What I'm trying to do is process: how do I approach this conversation?
What do you see as the aim, function, or purpose of your sound-art specifically, whether that be abstract or concrete? I always feel like it's another way of me considering context. A lot of my work is about a curiosity of why I as an individual do things that I do, why do people react and respond the way that they do, and how those actions affect my surrounding. Sound is just another way that I know of to process the world. Part of it is that within the constant re-contextualizing of objects you gain some type of perspective about what something is, what its implications are. That recognition alone can generate an experience, the creation of a conversation. That's important to the work. That's why I share it.
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For audiences who are unfamiliar with your work, how would you describe your sound-art or your art in general? I think it's a very nuanced inquiry of our bodies and the way we use them, and the way we interact with the world. My curiosity with sound is another form that complicates what those answers could be. It raises more questions than it gives answers.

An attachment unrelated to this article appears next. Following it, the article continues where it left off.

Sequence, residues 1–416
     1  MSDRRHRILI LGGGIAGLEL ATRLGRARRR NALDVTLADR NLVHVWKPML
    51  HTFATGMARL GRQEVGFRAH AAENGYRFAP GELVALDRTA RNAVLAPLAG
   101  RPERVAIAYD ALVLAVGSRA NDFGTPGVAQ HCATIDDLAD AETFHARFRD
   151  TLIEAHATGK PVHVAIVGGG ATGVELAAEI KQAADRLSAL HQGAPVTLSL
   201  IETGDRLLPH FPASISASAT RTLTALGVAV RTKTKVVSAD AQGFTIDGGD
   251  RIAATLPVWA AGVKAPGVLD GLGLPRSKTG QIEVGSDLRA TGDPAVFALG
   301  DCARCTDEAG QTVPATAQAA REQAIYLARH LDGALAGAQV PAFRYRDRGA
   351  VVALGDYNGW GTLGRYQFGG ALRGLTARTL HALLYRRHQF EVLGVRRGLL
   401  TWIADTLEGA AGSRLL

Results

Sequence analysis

What do you see as the future directions that sound-art needs to explore and also retreat from? From my perspective, what I have found to be the most generative is the contextualizing of these "moments," these performances, and the music itself. By which I mean the way they reach the public. There's something about being booked as a musician vs working with a venue or institution, and I think the approach in that can help facilitate the reception of whatever these sounds are. Changing the context [of the performance] changes everything.
For musicians, it's usually a standard stage, theater-style performance. And I think when musicians are performing in an art context, or a context that has yet to be labeled, that you find that the way the music is approached, the relationship to the audience, and the reception of that has some flexibility in terms of changing. Which I think really informs the music and how one performs and how their bodies are implicated. For example, Albert Ayler used to talk about why he would not perform at spots like The Village Vanguard--and that's a big, classic jazz spot. He said that there was something about that space that was not conducive to listening, but, instead, conducive to a social experience. Things like the clinking of glasses and the pouring of drinks were distractions to him.
See Black Rocker from 6 p.m. - midnight Friday night at the Dallas Museum of Art, as part of Late Nights. Admission is Free.